Wingless is modified by lipid addition [19], [20], and lipoprotein vesicles have been suggested to control Wingless diffusion [60]. In D. melanogaster embryos, endocytosis of Wingless limits its diffusion and ability to act as a long-range morphogen [61]. Endocytosis can also affect Wingless signaling in receiving cells, where endocytosis both promotes signal downregulation [61], [62] and positively facilitates signaling [63]. The apparently normal diffusion ranges for overaccumulated Wingless in lace and ACC mutant clones, yet reduced downstream target gene expression, is consistent with the idea that SPT and ACC act by promoting endocytic trafficking of Wingless in receiving cells rather than influencing the secretion and/or diffusion of Wingless from signal-sending cells.

Our finding that lace and ACC mutant overgrowth phenotypes are also partially Notch-dependent is reminiscent of similar overproliferation phenotypes seen in certain D. melanogaster endocytic mutants, such as vps25, and tsg101 [11][14]. The overproliferation of disc tissue in these mutants is attributable to Notch hyperactivation, reflecting the fact that non-ligand-bound Notch receptors that are normally targeted for recycling or degradation are instead retained and signal from endosomes. Analogous effects are likely to contribute to the lace and ACC mutant overgrowth, where we observe significant Notch overaccumulation throughout the endosomal-lysosomal routing pathway. Some ectopic Notch signaling might emanate from the lysosomal compartment, which is enlarged and accumulates particularly high levels of Notch in lace and ACC mutant clones. Analysis of D. melanogaster HOPS and AP-3 mutants, which affect protein delivery to lysosomes, has identified a lysosomal pool of Notch that is able to signal in a ligand-independent, gamma-secretase-dependent manner [64].

How do SPT and ACC contribute to endosomal trafficking of Notch and other proteins? In the yeast SPT mutant lcb1, an early step of endocytosis is impaired due to defective actin attachment to endosomes, a phenotype that is suppressed by addition of sphingoid base [65]. However, the trafficking abnormalities seen in lace and ACC mutants do not resemble those in the yeast lcb1 mutant, perhaps because endocytic vesicle fission is primarily dependent upon dynamin in D. melanogaster and mammals, instead of actin as in yeast [66]. Nevertheless, the requirement for SPT and ACC in D. melanogaster endosomal compartments might reflect possible functions in endosome-cytoskeleton interactions. Another possibility is that the defective endosomal trafficking seen in lace and ACC mutants is caused by the inability to synthesize specific phospholipids needed for normal membrane homeostasis. Finally, lace and ACC might be important for the formation and/or function of lipid rafts, specialized membrane microdomains that have been implicated in both signaling and protein trafficking [67], [68].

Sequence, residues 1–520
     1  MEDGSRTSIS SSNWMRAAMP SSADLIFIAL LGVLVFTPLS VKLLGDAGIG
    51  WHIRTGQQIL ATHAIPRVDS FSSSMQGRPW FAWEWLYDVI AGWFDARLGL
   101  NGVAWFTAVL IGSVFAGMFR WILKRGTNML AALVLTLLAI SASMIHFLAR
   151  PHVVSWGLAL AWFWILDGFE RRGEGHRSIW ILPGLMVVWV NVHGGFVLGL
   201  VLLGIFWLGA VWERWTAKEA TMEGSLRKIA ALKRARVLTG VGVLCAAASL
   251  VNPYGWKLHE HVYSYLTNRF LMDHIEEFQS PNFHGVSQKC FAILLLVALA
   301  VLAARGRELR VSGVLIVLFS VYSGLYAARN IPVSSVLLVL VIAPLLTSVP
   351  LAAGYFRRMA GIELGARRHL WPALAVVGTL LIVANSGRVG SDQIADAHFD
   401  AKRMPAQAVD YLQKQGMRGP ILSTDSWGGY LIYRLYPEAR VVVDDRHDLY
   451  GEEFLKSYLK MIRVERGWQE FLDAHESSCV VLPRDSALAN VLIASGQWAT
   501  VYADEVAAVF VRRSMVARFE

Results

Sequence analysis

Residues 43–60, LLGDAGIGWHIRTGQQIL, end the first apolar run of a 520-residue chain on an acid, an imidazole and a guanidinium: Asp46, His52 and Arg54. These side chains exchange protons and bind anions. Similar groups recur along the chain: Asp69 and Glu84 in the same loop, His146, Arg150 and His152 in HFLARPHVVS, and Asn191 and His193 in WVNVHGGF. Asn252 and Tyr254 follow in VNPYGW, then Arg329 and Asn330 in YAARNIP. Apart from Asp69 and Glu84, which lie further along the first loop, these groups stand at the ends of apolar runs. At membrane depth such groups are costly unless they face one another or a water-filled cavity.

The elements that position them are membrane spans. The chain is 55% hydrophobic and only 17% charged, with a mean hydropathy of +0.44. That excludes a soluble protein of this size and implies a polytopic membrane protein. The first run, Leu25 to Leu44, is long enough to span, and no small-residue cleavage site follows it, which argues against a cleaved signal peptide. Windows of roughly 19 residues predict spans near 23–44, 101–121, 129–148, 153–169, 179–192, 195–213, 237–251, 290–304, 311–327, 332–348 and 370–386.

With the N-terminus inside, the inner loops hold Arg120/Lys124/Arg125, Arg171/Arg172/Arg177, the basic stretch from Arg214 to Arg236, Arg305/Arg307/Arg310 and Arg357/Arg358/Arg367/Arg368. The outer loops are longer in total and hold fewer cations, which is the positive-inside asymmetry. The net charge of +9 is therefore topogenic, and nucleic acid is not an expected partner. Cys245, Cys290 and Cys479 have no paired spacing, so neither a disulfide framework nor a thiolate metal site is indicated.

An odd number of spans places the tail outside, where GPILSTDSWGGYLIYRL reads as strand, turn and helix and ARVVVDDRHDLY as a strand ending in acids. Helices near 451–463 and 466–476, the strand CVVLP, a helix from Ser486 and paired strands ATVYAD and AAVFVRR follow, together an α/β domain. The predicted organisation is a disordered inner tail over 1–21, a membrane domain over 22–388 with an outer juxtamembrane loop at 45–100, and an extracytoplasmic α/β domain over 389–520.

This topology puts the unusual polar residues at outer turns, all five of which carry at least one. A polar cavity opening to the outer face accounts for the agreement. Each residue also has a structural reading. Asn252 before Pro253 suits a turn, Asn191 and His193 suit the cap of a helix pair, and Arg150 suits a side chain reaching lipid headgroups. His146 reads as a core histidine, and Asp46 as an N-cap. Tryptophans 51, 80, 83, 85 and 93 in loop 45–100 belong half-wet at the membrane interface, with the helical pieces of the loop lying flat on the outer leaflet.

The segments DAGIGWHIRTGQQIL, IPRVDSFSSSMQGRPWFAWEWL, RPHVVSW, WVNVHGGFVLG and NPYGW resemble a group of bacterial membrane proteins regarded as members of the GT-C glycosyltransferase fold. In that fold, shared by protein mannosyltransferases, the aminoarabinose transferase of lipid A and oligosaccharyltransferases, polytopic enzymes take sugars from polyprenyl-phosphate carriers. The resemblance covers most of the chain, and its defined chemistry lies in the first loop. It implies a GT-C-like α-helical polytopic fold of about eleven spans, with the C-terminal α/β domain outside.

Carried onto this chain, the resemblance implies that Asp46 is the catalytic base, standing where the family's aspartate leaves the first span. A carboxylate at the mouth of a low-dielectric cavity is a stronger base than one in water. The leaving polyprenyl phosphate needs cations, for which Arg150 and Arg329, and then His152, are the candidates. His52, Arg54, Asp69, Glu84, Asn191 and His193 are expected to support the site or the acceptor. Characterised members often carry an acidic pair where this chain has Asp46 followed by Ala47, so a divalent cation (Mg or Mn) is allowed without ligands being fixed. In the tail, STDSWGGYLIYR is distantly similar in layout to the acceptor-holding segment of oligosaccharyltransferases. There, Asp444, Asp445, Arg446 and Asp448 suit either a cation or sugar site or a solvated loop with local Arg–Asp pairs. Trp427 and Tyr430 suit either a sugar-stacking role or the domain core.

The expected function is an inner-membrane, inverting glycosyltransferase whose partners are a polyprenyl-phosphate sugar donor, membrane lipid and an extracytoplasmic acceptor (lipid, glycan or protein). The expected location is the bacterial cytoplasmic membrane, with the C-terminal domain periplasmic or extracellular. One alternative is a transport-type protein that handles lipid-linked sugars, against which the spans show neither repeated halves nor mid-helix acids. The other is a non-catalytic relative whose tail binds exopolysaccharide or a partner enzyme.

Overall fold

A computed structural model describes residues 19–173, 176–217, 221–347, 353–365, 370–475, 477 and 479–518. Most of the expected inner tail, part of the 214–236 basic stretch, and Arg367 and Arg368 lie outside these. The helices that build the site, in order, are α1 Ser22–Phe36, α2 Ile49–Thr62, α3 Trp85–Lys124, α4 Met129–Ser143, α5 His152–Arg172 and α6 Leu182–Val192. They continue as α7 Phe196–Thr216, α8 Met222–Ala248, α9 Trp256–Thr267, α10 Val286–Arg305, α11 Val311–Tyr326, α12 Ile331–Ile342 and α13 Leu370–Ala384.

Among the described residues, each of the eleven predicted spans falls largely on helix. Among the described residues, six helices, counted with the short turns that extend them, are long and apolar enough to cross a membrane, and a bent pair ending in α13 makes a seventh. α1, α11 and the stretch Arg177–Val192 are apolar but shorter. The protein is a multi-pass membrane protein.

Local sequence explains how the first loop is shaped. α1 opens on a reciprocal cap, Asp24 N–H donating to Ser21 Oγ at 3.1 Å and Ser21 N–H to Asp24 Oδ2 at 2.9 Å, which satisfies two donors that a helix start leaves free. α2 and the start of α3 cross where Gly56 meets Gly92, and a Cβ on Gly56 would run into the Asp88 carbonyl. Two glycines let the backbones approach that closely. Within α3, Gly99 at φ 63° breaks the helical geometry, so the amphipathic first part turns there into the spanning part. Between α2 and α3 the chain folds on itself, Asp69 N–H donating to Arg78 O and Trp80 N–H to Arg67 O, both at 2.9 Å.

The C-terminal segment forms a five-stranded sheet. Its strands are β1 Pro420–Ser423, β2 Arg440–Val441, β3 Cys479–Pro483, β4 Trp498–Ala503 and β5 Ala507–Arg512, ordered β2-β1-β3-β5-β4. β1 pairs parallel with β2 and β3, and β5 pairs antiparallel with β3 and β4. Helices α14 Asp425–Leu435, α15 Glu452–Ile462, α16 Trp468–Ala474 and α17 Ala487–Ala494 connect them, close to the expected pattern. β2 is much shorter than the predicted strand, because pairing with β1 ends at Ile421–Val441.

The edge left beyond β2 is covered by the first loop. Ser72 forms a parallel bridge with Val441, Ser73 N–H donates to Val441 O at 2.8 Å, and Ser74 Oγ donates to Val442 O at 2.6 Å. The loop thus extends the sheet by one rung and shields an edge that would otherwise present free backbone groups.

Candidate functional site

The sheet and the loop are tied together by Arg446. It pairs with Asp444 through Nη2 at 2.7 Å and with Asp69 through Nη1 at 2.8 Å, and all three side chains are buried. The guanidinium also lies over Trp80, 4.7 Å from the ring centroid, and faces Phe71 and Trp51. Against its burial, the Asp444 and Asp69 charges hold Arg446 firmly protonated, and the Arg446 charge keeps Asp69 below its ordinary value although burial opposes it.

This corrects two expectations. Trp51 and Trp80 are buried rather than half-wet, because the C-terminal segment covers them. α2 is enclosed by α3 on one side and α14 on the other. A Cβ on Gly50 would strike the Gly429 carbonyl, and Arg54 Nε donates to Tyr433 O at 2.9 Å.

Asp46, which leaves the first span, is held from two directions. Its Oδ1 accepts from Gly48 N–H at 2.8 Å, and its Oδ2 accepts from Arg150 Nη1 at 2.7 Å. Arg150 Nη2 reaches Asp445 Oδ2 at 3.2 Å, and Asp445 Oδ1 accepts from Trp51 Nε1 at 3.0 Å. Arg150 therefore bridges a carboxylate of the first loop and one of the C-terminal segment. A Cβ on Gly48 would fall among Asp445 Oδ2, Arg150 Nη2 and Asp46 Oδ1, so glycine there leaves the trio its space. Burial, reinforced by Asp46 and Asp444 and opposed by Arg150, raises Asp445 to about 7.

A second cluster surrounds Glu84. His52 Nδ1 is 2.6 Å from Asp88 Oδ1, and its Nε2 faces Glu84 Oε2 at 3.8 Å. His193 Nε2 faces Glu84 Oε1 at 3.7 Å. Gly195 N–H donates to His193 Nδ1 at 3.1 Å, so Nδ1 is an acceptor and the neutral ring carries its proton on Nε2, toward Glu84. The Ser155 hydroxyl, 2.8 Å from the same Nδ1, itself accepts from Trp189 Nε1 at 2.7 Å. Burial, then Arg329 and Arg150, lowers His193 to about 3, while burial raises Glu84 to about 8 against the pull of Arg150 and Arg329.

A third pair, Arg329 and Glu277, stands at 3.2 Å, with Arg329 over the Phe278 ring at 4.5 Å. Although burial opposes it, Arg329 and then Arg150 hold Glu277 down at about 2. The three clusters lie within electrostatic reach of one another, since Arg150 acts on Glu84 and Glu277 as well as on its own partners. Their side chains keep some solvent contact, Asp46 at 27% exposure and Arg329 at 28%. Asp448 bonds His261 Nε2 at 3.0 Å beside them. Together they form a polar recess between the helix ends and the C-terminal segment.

A remarkable feature of the lace and ACC mutant phenotypes that suggests an underlying defect in lipid biogenesis is the non-autonomous effect in mutant tissue clones, wherein nearby wildtype cells generate a secreted activity that diffuses several cell diameters into the mutant tissue and rescues the trafficking and signaling defects. One possibility is that these secreted activities are diffusible lipid biosynthetic products of SPT and ACC, which enter the mutant cells and serve as precursors for further biosynthetic steps that do not require SPT or ACC. An intriguing alternative is that the SPT and ACC enzymes are themselves secreted and taken up by the mutant cells. A precedent for this mechanism has recently been demonstrated for D. melanogaster ceramidase, a sphingolipid metabolic enzyme that is secreted extracellularly, delivered to photoreceptors, and internalized by endocytosis to regulate photoreceptor cell membrane turnover [69].

Recent work has highlighted the importance of lipid metabolism for oncogenic transformation, and ACC has been advanced as a promising target for cancer drug development [70]. ACC is upregulated in some cancers, possibly as a result of high demands for lipid biosynthesis during rapid cell divisions. Sphingolipids and their derivatives are also thought to influence the balance of apoptosis and cell proliferation during tissue growth, and thus have also garnered attention as potential cancer therapy targets [71]. Our findings regarding the requirements of SPT and ACC for proper trafficking and signaling of key developmental cell-surface signaling molecules, including Notch and Wingless, provide insights into how lipid metabolic enzymes might influence cell proliferation and tissue patterning in multicellular animals. Complex lipid biosynthesis is essential for the creation of the elaborate, interconnected, and highly specialized membrane compartments in which developmental pathways operate, and perturbations in lipid biosynthesis that are tolerated by the cell might nevertheless exert significant pleiotropic effects on developmental patterning, cell proliferation, and other cellular processes. Exploration of lipid metabolic enzymes as pharmacological targets must therefore take into account potentially unfavorable effects on critical signaling pathways controlling development and organogenesis.

Materials and Methods